Why you need a financial independence plan right now! (And so do I…)
It’s been around a year since the concept of financial independence was introduced to me now, and although I latched onto it straight away – with it’s promise of a life without alarm clocks, bundles more free time to spend with loved ones, enjoying inexpensive but fun hobbies at my own leisure, and engaging in “work like” activities that I think will make the world a better place without having to worry about compensation – I still haven’t made a proper plan on how to reach financial independence yet. I’ve written a few posts with some really rather splendid spreadsheets about the basic maths of how to achieve financial independence, but I haven’t developed a proper (and realistic) savings plan and run the numbers for myself yet. We’ve optimised our lifestyle and are definitely spending less and saving more than we ever have, but to be honest I have no idea exactly what our savings percentage is right now!
- Action: Or more precisely, it forces me to stop procrastination. It’s often been said a mediocre plan executed well is better than a genius plan executed poorly.
- Evaluation: Decisive measurements can be taken to assess progress.
- Optimisation: Tweaking the plan as new knowledge is acquired.
- Gratification: of setting and hitting intermediate milestones.
- Motivation: it’s a long path and without a proper plan I am much more likely to stray of course.
- Clarity: I like knowing exactly where I stand. Having an overall picture of how well I am doing financially and in relation to the plan will be invaluable.
I could give you many reasons for procrastinating on this for so long, but I will give you just two. The first is that we were saving for a wedding for most of last year so the savings pot only started growing properly in October, and the second is that I have been reading up on so much new information it is kind of mind blowing at first. There are so many variables to take into account into a financial independence plan it really can be mind bogglingly overwhelming when you first dip your toe in water. Here are some of the high level topics and questions you will need to consider when planning and estimating your time to FIRE:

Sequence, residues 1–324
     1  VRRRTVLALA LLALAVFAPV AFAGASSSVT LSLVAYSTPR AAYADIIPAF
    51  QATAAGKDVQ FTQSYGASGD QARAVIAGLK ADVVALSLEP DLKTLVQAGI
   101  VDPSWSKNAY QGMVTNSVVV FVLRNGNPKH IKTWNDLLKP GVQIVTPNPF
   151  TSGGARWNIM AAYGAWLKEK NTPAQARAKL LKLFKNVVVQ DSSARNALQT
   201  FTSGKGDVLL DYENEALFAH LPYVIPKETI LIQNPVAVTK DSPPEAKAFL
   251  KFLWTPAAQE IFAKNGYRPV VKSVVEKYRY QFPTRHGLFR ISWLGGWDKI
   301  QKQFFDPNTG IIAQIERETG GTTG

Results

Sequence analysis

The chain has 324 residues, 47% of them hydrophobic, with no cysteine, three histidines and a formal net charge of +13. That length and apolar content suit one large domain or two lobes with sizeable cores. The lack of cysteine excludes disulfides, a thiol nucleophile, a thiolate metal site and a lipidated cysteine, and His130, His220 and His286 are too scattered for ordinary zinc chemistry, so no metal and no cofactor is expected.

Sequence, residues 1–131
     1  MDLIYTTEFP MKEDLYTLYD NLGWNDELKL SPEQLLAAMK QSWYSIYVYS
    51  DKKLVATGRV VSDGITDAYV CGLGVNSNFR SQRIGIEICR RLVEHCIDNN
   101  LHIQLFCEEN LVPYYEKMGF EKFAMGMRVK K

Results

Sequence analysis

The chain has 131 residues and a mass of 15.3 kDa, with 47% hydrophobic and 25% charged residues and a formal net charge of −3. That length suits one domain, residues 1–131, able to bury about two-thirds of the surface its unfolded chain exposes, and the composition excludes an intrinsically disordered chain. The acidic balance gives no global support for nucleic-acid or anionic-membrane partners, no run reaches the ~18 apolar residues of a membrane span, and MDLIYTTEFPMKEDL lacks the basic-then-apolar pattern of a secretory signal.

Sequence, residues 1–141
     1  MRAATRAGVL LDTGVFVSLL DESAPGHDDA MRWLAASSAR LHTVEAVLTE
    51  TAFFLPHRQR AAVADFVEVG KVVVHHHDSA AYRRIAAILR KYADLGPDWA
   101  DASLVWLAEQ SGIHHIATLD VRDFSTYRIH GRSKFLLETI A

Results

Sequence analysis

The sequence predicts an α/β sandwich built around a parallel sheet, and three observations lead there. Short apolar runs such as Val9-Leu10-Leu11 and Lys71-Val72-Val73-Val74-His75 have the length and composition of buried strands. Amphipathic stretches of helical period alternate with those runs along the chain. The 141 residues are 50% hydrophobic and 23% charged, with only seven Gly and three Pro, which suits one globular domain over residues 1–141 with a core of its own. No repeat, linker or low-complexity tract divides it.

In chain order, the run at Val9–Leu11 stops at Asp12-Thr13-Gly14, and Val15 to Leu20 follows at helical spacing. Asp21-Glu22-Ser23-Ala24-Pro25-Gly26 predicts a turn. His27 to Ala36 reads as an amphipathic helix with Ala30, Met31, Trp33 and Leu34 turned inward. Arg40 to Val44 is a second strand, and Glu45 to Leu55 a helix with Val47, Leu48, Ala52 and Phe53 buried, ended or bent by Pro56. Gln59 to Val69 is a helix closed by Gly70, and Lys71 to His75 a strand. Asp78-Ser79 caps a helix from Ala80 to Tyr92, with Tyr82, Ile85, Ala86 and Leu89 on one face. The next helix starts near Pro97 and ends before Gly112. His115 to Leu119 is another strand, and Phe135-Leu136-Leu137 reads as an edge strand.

- Spending less than you earn: What percentage of your earnings can you save? Can you make a realistic budget? (Make sure you don’t forget to budget in the “unknowns”)
- Investing in the stock market: What % return will you estimate you’ll get? What is your asset allocation? How aggressive and risk averse are you?
- Tax-advantaged retirement accounts: How much are you willing to put away into a pre-tax retirement account? (You cannot access this money until you are 55 in the UK)
- Property/Real Estate: Can you hack the hassle of landlording? Is it (or will it be) the right time to buy when you have enough cash to put down?
- Side business – Are you the sort of person to be able to set up a side business, keep it going along with your full time job, and still lead a happy life?
- Tax – Learn the tax rules of the country you are in and how to use them to your advantage! (Please note this is not a question! 🙂 )
- Net Worth – What is your current Net-Worth? Can you give a good estimate of how it will go up (hopefully not down anyway!) each year?
- Part-time work – Are you happy to do a bit of part time work once FI? (then your savings don’t have to be as large before you quit)
- Children – Are you planning to have (more) kids soon, or if you already have them remember to extrapolate costs into your future budget as they generally become more expensive as they get older. Same with any other future potential costs you can attempt to forsee.
And that’s just the high level stuff! Within each category there is a lot of extra information to delve into.